Chaz Bundick, or better known as Toro y Moi, came out with a new full-length release last Tuesday called June 2009. Bundick has been making music under the Toro y Moi guise since the same year, releasing a slew of EPs and two full-length records. Upon the release of his first LP Causers of This, critics and bloggers alike roped Chaz’s gazey, laid-back electro sound into the new buzz-word genre “chillwave”, alongside similar artists like Neon Indian and Washed Out. But Bundick has made it clear to us that his music and talent goes a lot deeper than the “chillwave” sound: his second full-length Underneath the Pine is a collection of smart, crisp pop tunes that feature Chaz on a menagerie of live instruments, and his most recent EP Freaking Out is an open love-letter to late-70s disco nostalgia.
With June 2009, Toro shows us even more versatility in his sound. The album is not comprised of new material, but is instead a compilation of older recordings that Bundick made around the time indicated by the title. While still retaining the sound of other Toro y Moi releases, the songs cover a much wider stylistic landscape. The first half of the record is a collection of lo-fi garage-pop tracks that sound as if they’re reaching your ears through the walls of a basement or a broken cassette deck. Chaz’s falsetto vocals meander half-ironically over crunchy guitar hooks, fuzzed-out bass lines, and rumbling drums. There’s no trace of the mesmerizing production quality, precise drum programming, and swirling soundscapes of the past Toro releases in these tracks; the music has been stripped naked and spit out with an honest simplicity.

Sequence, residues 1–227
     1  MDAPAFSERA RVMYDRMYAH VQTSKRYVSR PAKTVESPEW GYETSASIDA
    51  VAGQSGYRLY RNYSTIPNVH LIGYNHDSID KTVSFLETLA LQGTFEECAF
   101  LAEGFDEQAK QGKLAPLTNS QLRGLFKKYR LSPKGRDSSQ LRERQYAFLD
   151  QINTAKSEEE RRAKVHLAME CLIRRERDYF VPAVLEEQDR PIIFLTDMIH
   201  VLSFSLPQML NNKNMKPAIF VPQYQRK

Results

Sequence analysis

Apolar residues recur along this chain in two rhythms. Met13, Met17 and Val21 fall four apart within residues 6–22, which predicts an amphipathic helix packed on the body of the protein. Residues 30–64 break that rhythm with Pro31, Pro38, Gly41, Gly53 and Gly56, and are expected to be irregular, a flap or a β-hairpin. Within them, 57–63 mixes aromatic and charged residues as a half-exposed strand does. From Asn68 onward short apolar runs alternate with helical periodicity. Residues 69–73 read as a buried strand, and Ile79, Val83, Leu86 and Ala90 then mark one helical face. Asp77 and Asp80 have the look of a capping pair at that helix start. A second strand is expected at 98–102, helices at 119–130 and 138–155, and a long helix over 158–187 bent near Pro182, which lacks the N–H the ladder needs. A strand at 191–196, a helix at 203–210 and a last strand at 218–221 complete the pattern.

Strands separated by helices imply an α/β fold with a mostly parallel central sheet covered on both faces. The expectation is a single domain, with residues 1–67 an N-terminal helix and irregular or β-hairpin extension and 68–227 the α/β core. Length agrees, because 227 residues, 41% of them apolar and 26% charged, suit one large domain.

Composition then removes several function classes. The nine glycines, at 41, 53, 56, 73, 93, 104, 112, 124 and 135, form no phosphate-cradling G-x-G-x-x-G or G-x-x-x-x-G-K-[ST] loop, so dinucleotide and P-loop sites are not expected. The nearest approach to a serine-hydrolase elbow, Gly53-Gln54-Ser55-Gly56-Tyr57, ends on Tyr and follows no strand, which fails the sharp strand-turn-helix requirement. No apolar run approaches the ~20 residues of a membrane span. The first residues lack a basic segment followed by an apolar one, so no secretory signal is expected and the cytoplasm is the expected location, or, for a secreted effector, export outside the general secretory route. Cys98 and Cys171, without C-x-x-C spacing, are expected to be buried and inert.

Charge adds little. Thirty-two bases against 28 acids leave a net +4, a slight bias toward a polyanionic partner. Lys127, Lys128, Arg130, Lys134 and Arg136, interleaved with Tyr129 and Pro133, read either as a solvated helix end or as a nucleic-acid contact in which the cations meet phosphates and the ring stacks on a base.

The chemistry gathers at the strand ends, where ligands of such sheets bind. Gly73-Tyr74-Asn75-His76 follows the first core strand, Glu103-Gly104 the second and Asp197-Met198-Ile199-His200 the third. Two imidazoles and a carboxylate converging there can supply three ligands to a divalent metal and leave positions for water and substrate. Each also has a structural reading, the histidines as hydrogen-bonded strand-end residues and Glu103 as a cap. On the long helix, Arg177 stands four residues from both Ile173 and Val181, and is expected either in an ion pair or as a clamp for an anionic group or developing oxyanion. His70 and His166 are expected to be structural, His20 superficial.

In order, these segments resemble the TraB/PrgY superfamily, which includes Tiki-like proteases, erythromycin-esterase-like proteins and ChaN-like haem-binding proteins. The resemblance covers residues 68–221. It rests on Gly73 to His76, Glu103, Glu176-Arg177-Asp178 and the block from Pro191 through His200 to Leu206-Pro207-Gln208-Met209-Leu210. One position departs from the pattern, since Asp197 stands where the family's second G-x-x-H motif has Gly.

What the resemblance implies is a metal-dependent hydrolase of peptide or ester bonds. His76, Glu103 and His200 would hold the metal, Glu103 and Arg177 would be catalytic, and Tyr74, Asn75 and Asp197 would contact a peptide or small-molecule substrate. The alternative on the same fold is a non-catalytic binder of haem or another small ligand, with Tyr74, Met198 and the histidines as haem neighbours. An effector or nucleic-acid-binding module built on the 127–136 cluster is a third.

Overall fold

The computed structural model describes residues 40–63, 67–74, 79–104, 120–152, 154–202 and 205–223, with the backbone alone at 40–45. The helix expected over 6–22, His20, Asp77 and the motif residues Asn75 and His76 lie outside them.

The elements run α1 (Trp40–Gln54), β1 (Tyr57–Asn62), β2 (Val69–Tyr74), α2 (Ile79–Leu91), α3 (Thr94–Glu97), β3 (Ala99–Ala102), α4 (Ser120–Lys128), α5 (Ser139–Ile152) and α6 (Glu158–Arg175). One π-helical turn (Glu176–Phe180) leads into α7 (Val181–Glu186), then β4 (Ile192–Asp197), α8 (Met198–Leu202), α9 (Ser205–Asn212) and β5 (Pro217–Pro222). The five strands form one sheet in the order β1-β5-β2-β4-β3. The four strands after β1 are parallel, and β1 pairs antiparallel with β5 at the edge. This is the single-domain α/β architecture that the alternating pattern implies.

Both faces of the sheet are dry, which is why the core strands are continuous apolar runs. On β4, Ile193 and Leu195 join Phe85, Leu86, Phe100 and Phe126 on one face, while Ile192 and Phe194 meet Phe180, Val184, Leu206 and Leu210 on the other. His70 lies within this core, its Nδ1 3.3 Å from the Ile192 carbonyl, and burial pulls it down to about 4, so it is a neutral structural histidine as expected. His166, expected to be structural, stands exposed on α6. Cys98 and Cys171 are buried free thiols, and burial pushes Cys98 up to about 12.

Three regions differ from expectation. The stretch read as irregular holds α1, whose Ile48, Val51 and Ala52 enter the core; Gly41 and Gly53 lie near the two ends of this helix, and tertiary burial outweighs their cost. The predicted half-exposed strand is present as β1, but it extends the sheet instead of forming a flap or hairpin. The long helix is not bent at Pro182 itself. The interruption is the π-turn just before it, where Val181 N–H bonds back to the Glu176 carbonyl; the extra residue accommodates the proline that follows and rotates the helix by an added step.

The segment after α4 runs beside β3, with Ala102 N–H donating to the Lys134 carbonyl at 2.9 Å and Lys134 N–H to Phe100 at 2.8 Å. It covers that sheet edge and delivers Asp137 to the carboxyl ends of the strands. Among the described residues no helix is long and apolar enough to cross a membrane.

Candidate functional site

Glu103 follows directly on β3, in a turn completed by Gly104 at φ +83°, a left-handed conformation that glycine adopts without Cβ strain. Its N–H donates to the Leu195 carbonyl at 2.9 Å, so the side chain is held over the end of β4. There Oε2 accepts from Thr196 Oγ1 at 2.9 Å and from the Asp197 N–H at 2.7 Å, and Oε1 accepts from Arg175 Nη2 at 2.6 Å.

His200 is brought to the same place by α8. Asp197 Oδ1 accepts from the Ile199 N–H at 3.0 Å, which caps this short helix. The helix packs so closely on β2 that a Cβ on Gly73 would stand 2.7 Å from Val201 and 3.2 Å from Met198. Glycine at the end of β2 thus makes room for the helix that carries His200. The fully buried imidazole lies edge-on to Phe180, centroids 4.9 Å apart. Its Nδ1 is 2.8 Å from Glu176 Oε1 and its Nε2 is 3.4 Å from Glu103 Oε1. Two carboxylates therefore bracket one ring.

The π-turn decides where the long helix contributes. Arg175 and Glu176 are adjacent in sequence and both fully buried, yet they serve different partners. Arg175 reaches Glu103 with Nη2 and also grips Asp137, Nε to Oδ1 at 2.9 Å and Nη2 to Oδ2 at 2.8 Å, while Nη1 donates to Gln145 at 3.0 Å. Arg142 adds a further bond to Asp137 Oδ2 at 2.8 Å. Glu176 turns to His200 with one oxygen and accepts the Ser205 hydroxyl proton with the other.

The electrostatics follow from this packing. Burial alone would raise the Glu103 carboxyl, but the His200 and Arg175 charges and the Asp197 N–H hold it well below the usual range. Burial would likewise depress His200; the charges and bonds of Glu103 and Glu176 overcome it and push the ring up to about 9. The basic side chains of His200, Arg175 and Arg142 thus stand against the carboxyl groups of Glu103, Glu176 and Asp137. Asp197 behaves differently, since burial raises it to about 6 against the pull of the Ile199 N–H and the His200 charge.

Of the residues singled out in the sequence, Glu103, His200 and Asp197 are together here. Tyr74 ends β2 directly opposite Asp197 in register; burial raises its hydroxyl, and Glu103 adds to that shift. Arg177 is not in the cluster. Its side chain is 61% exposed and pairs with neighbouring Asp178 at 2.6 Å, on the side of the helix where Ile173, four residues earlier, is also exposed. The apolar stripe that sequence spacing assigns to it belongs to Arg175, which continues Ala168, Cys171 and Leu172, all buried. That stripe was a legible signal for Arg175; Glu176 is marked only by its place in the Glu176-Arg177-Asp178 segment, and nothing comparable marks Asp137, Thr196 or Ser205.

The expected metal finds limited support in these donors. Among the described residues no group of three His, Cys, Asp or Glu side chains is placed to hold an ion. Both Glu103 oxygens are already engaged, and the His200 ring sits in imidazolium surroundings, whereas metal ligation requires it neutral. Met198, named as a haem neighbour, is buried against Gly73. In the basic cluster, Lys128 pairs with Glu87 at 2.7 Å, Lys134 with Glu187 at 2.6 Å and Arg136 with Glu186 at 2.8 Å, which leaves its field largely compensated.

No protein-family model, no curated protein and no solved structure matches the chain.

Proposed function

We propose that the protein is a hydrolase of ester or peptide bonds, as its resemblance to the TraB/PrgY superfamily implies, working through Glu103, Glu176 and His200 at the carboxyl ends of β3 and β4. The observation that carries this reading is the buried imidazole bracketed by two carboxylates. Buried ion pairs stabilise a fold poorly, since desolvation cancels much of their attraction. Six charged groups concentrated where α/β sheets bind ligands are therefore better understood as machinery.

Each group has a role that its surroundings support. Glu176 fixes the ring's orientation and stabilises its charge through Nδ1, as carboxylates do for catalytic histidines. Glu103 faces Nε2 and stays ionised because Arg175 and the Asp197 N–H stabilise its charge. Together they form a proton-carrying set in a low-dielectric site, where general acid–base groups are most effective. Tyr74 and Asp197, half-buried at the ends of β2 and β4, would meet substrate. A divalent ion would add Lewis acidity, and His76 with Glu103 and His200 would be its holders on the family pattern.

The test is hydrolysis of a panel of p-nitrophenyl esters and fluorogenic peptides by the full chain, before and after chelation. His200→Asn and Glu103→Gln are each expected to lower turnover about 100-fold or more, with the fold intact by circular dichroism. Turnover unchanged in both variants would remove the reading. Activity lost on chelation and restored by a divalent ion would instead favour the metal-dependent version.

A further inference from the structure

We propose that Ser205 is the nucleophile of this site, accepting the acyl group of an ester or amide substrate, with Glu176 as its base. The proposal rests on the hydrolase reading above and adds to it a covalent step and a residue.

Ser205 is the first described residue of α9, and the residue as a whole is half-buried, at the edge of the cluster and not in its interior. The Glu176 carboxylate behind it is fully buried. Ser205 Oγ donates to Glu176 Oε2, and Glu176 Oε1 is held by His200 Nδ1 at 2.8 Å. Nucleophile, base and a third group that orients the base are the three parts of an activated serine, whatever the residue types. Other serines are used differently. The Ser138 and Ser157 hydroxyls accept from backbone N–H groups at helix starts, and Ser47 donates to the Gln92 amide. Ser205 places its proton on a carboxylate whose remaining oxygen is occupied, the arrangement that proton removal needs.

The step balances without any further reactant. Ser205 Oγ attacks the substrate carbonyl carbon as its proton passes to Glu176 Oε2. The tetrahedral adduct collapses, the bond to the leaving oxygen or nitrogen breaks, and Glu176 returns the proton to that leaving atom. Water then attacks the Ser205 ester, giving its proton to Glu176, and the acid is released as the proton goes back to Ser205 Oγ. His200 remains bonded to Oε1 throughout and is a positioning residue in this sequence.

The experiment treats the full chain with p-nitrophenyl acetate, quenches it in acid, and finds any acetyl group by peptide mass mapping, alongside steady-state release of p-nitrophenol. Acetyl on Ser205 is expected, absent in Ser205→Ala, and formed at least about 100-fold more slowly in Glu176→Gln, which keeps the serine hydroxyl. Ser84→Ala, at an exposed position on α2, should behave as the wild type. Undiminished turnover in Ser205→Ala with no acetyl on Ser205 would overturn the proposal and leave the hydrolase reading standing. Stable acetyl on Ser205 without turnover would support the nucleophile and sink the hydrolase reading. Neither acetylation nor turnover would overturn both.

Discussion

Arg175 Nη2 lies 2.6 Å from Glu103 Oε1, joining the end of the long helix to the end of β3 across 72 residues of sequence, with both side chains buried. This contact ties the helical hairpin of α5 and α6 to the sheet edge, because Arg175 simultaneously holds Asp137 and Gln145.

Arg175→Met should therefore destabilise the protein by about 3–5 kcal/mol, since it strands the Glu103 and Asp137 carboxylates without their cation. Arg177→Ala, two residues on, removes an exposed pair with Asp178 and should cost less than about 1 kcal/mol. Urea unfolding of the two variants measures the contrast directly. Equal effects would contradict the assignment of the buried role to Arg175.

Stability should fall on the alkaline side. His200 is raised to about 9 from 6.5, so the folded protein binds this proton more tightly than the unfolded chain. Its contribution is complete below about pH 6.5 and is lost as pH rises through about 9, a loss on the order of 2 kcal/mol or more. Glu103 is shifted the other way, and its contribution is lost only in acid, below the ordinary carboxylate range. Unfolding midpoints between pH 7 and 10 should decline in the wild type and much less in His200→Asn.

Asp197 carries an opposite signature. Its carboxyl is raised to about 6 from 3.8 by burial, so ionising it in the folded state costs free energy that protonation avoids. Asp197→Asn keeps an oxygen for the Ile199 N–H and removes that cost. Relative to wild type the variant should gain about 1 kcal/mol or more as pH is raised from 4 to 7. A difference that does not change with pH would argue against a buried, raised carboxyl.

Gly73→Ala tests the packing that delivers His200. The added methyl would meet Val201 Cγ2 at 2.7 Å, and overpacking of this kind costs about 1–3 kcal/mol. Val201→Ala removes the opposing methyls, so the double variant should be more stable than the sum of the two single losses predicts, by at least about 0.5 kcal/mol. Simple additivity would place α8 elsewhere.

Half way through the album, the mood changes drastically with the soft, emotive “New Loved Ones”— a rare moment for Chaz on just acoustic guitar and vocals that float upwards with dizzying reverberation. After this brief intermission, the album dives back into Toro’s roots with alternate versions of tracks from Causers of This (including a disorienting, ambient intro to a “Freak Love” remix), some hazy synth-pop cuts that sound like warped 80’s disco records, and a few nods to the West coast beat scene (a la Flying Lotus, Baths, etc).
June 2009 essentially offers a survey of the early years of Chaz Bundick’s recording career while giving us a rare insight into the composer/producer/performer’s musical mind. The release may not form a logically constructed whole as a record, but it can be appreciated as a a sort of road map for Toro y Moi’s sound, and a puzzle of clues to what we can expect from Chaz in the future. If there is one general observation that you can draw out of this disparately-presented record, it is that the music is unmistakably the art of one man with his ears in very different worlds of sound.
Check out “109”, one of the album’s more catchy garage tunes below: